Uterine Prolapse

What Is Uterine Prolapse?

Uterine prolapse is a condition that occurs when the ligaments and muscles inside of the pelvic floor stretch and weaken. As a result of this, the uterus protrudes or slides down into the vagina. Women of any age can develop uterine prolapse, however, some women are at a greater risk for developing it than others. This condition is more common in postmenopausal women, as well as those who have had multiple vaginal births.

Estrogen levels have a tendency to decrease as a woman gets older. A loss of estrogen puts a woman at a greater risk for developing uterine prolapse. That is why this condition is more common in postmenopausal women. Repeated straining – like that caused during pregnancy and childbirth – is another risk factor for this condition, because it can weaken and damage the supportive tissue in the pelvic floor.

Symptoms of Uterine Prolapse

Women who have mild uterine prolapse may not notice any symptoms. However, symptoms become more noticeable as the condition gets worse. Some of the symptoms of uterine prolapse include painful intercourse, a feeling of heaviness in the pelvic floor, vaginal discharge, constipation and problems urinating. Some women notice that the symptoms worsen after periods of extended walking.

Treatment Options

Women who have mild uterine prolapse may not require any treatment. Self-care measures, such as kegel exercises, avoiding heavy lifting and maintaining a healthy body weight can help ease the symptoms of uterine prolapse. If a woman has advanced uterine prolapse, then Dr. Sherry may recommend a vaginal pessary. This is a device that fits at the lower part of the cervix that helps hold the uterus in place.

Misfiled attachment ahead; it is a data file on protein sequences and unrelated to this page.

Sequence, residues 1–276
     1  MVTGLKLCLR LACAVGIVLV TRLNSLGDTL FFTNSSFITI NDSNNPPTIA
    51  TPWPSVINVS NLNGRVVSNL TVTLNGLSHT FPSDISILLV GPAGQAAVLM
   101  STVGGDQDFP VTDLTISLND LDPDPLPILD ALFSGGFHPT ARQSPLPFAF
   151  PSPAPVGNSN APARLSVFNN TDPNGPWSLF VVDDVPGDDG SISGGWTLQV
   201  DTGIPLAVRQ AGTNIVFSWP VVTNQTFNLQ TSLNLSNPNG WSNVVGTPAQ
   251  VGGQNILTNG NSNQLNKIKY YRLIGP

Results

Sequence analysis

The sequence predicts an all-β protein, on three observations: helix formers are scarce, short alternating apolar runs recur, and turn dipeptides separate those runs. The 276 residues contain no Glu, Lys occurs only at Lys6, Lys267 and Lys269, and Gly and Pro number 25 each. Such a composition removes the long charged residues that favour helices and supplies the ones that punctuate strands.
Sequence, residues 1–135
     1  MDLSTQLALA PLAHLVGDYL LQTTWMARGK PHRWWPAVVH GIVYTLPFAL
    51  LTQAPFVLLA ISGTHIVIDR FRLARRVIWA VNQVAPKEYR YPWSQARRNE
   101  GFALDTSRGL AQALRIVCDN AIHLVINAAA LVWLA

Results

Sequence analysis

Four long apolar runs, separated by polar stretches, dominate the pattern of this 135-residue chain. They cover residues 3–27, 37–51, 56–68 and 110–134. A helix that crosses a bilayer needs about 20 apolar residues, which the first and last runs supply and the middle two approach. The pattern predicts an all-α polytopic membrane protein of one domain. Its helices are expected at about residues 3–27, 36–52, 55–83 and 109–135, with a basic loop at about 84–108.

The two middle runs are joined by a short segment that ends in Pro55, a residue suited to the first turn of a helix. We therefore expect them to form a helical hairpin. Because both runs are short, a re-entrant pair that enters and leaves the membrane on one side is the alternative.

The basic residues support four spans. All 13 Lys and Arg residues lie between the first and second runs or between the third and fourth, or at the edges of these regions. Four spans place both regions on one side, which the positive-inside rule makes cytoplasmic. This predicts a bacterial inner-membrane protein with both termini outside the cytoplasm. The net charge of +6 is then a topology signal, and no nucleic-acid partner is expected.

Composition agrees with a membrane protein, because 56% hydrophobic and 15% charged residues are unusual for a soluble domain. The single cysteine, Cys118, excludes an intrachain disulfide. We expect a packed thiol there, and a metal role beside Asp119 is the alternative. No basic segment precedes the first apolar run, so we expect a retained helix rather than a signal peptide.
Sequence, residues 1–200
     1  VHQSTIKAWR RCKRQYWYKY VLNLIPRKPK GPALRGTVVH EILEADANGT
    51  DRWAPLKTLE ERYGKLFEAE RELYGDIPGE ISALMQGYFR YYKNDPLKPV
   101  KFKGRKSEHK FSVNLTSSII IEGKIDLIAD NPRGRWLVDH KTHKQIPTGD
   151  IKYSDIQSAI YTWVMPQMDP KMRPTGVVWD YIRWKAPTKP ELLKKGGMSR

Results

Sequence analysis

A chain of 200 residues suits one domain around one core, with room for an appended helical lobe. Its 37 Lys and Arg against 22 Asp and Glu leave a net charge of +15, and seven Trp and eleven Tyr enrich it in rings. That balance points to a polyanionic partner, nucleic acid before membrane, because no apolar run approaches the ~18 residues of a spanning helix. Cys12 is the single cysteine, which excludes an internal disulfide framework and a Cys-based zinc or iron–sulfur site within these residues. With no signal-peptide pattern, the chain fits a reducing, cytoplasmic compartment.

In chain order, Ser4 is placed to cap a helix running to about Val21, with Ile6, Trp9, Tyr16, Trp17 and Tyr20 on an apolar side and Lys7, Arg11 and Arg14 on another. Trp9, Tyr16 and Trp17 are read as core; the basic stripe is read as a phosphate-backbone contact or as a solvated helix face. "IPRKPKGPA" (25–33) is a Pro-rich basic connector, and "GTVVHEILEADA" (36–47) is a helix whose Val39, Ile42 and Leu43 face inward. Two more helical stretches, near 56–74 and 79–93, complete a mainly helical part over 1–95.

Surgery is another treatment option. Surgery can repair the pelvic floor muscles that have been weakened or damaged. However, if you plan to get pregnant in the future, then surgery may not be right for you. Doctor Sherry can discuss all of the possible treatment options with you, and help determine the most effective treatment plan.


It is not always possible to prevent uterine prolapse. However, there are a few things you can do that will reduce your risk of developing it. Exercising for 20 to 30 minutes every day and maintaining a healthy body weight can help prevent uterine prolapse. Women who are going through menopause may be able to reduce their risk of uterine prolapse by getting estrogen replacement therapy. Because straining can increase the risk of uterine prolapse, it is important for you to use the proper technique while you are lifting.

Contact Dr. Sherry Thomas’s office today to schedule your consultation. She can go over all of your options with you, and answer any questions you may have.